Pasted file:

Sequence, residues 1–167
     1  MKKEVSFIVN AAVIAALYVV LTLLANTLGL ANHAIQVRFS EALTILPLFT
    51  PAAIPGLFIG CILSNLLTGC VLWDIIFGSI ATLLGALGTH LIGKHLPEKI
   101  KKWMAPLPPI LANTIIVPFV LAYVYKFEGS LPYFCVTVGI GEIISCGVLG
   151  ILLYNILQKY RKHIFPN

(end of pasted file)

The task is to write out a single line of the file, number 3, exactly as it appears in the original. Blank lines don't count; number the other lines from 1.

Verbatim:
    51  PAAIPGLFIG CILSNLLTGC VLWDIIFGSI ATLLGALGTH LIGKHLPEKI